Ed Reiskin, the city director in charge of Muni, bike lane planning, street design and parking enforcement officers, is on his way out. That much is known.
But when he leaves, San Francisco may not have a leader ready to replace him, transportation officials revealed this week.
That’s according to the San Francisco Municipal Transportation Agency Board of Directors, who met for the first time to plan their search for a new SFMTA director, Tuesday.
As a quasi-independent agency, the SFMTA Board of Directors ultimately hires the new SFMTA director, who oversees San Francisco’s streets.
Muni operations are perhaps the most demanding responsibilities on the plate of the SFMTA director, which is partly behind Reiskin’s announced August departure. After a string of tough turns for the agency, including last summer’s service meltdown, a reported culture of harassment, broken train doors on Muni’s new $1.1 billion future fleet, and more, Mayor London Breed ordered the SFMTA to search for a new SFMTA director by August.
While the SFMTA directors are staring down that deadline they’ve already noted that meeting it isn’t realistic.
In an email sent to the SFMTA Board of Directors in late May, which was obtained by the San Francisco Examiner, SFMTA board chair Malcolm Heinicke revealed “we do not expect this process” to be finished in time for Reiskin’s departure, leading the board to appoint an interim director.
That director may serve until at least Nov. 1, a date the SFMTA board committee set as an “aspirational” goal for hiring a new leader.
Until then, that interim director — perhaps another SFMTA manager, or perhaps hired from outside the agency — will likely inherit all of Muni’s myriad woes, at least temporarily, and will have to ensure the trains and buses keep moving during what some expect to be a tough transition.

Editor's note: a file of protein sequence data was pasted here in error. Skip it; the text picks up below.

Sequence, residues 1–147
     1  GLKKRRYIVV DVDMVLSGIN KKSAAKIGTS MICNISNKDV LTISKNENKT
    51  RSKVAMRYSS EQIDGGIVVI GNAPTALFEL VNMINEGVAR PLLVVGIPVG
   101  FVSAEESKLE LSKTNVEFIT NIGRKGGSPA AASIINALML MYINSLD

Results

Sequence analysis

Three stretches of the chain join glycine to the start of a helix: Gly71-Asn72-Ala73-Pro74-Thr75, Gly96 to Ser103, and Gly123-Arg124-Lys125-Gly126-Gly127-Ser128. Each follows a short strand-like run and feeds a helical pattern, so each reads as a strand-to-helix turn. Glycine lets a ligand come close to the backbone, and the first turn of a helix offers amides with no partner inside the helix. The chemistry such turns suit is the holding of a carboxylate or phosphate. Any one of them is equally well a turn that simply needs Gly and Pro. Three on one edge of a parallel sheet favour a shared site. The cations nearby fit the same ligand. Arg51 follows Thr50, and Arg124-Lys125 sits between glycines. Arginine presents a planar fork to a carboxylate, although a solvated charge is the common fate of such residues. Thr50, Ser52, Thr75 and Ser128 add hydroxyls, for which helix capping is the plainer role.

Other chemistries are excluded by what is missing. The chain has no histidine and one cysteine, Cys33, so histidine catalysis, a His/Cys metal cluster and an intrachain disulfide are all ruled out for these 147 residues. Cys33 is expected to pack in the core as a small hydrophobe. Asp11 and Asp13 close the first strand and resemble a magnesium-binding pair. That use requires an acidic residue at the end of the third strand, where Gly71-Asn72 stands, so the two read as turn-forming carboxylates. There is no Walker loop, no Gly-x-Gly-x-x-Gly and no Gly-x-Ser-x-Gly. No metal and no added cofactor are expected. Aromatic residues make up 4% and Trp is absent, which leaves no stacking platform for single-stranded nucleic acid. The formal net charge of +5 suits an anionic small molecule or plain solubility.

However, some fixes for Muni’s recent pains are already on the way thanks to Reiskin, the current director, transit insiders have publicly noted. Mayor Breed is already revamping SFMTA’s human resources department to improve the culture of harassment that has been reported by employees, and SFMTA Director of Transit Julie Kirschbaum has revealed fixes for Muni’s door issues, as well as other mechanical fixes.
In fact, SFMTA board of directors at Tuesday’s meeting think the biggest problem ahead of them in finding a new director is not necessarily Muni — it’s BART.
“I had a wild card I wanted to talk about,” SFMTA board director Steve Heminger told staff gathered for the meeting. “BART is searching for a new director right now,” he said.
Those gathered perked up in surprise and sudden understanding — with BART General Manager Grace Crunican also announcing her impending retirement, that means SFMTA and BART would essentially be seeking leaders at the same time, possibly even competing for candidates within the same pool of people.
Another issue that might preclude SFMTA from attracting candidates is the same old song in any Bay Area industry: housing.
Heminger offered that SFMTA may want to look into securing housing deals for any potential director in their search.
“If we don’t hire a Californian I think that’s something we need to get our arms around,” he said.
Ultimately, SFMTA board director Amanda Eaken added, whoever they find to be the next leader of SFMTA has to be ready for an uncertain future.
In recent years, SFMTA has been faced with the advent of driverless cars, dockless bikes, e-scooters, and even pogo sticks, all demanding new ideas and new regulation.
“This is not just a transit agency. That’s the lion’s share of the work, but it’s not just transit,” Eaken said. “This person needs to be a visionary, needs to be a leader, needs to help San Francisco’s transit system evolve into the future.”
Whom that might be is up to those directors to decide.